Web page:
In the case of Cunnington v Sainsburys Mrs Cunnington had worked for Sainsburys for 28 years. On the day of the incident Mrs Cunnington was working a morning shift with a long-term work colleague. She picked up a cuddly toy, a black rabbit named Bing.
She then told a tribunal that she had asked colleagues: “Should we really be selling this toy? Black Lives Matter.” In her evidence, Ms Cunnington said she felt that the toy could be offensive to black people in the same way as the banned Golly mascot for Robertson’s jam.
Ms Cunnington was dismissed for gross misconduct after a colleague alleged the comment she made was racist.
But a tribunal in Birmingham ruled in June the former price controller was unfairly sacked.
The judge said “sensitivities were heightened at the time of the incident”, which took place two weeks after George Floyd, an unarmed black man, was murdered by white police officer Derek Chauvin in the US, sparking worldwide protests over racial inequality.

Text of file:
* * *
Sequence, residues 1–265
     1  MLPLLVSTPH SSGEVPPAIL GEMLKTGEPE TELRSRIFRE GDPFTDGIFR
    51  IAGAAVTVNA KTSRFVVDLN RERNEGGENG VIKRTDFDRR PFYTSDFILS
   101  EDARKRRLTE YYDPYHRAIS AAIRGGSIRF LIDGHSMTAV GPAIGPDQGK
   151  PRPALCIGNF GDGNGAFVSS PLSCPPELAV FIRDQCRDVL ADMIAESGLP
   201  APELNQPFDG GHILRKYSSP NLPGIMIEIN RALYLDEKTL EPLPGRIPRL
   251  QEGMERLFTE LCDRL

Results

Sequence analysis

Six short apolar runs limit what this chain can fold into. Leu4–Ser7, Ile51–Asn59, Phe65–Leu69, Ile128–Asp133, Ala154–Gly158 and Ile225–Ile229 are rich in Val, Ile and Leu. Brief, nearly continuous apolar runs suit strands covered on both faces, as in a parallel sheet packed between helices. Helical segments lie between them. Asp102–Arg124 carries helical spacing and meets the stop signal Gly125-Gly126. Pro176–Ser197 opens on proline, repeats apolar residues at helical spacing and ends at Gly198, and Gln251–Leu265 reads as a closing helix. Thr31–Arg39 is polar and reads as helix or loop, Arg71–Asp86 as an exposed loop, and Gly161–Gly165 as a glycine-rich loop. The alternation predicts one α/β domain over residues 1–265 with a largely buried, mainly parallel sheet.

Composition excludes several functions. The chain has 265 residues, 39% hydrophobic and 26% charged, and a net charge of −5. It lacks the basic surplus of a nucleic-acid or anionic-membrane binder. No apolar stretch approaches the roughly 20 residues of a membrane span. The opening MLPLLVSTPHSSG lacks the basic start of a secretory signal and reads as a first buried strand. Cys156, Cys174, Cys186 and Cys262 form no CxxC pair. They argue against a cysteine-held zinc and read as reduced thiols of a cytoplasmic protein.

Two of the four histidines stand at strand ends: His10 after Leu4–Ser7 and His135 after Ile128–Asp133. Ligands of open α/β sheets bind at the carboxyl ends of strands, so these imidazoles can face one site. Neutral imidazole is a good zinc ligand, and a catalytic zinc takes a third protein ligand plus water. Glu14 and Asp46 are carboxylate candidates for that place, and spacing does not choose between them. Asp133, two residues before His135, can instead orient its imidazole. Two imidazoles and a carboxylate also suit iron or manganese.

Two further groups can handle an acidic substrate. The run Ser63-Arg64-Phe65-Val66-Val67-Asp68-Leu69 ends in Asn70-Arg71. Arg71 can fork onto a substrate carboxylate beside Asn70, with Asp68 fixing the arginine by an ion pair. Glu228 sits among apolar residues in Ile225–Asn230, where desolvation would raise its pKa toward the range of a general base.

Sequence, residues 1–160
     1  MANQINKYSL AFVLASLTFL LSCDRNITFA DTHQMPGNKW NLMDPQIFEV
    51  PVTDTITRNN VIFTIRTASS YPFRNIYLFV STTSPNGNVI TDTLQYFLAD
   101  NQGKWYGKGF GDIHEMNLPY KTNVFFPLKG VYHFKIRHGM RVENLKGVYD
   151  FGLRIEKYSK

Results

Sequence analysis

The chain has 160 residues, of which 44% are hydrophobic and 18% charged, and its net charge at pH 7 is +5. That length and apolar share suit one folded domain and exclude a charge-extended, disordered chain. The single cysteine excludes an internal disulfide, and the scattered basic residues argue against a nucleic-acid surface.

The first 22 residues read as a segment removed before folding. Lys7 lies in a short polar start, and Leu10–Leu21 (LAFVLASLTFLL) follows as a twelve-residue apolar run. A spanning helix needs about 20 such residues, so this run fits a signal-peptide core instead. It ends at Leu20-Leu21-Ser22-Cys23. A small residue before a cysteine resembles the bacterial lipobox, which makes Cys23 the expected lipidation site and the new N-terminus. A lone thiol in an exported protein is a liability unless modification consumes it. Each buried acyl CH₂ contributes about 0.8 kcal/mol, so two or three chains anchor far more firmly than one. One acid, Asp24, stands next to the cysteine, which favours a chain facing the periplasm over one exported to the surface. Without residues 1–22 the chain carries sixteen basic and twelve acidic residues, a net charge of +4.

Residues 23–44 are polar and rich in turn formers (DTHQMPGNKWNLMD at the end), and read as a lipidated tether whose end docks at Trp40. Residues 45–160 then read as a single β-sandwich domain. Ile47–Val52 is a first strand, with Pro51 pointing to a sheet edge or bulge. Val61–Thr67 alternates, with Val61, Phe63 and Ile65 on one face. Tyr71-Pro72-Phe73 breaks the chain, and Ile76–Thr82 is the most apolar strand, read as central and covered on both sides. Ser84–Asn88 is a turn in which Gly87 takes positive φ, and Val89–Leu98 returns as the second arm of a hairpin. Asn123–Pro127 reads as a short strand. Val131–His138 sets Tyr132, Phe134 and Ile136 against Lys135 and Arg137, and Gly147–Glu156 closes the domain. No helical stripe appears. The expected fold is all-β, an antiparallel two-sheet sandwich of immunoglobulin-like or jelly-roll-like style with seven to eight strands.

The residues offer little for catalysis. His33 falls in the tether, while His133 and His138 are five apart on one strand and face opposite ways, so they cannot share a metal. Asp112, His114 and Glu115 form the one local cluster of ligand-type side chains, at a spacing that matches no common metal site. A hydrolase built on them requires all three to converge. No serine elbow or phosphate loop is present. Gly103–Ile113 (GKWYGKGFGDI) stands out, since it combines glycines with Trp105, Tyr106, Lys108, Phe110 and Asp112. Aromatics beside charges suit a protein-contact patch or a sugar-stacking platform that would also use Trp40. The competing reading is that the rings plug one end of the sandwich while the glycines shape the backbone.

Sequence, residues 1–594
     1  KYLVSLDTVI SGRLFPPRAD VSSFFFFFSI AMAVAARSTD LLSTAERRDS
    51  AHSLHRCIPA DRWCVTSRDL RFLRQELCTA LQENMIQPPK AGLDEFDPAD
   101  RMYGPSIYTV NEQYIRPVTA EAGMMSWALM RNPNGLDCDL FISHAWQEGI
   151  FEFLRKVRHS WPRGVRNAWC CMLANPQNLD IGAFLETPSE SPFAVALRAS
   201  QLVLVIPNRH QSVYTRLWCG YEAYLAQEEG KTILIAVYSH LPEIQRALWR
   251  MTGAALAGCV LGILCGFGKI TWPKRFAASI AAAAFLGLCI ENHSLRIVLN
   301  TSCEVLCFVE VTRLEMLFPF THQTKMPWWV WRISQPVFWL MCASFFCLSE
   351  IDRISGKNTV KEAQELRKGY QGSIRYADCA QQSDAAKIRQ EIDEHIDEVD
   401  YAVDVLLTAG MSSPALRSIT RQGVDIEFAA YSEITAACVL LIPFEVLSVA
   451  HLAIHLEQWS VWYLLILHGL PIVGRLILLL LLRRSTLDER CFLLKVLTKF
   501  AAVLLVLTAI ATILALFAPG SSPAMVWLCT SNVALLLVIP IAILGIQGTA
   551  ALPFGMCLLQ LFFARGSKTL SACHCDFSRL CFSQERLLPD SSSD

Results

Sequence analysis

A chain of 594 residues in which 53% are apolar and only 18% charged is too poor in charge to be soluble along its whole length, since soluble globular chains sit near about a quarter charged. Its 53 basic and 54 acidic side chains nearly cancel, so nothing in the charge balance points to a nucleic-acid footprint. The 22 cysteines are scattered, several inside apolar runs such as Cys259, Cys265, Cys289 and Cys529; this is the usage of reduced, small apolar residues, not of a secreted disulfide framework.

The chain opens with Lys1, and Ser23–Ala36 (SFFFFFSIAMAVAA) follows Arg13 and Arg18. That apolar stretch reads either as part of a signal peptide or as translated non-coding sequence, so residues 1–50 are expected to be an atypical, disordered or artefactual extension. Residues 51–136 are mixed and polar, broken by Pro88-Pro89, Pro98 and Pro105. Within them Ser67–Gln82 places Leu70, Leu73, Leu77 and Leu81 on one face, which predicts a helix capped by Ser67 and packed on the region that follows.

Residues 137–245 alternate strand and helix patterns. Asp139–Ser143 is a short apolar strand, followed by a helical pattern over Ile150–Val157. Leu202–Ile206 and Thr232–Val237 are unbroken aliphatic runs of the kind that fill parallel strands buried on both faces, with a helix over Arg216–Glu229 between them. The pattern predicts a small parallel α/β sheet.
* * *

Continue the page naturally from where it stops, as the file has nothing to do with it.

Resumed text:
The judge’s ruling added “It is all the more reason to take great care that proper procedures are followed thoroughly, objectively and fairly so that justice can be done.
“Given the size and resources of [Sainsbury’s], the fact that so many fundamental procedural errors were made is unacceptable… the process followed was a disservice to [Ms Cunnington] and also to [Sainsbury’s] cause to being an inclusive employer.
“In summary the decision to dismiss was not well founded and is unfair.”
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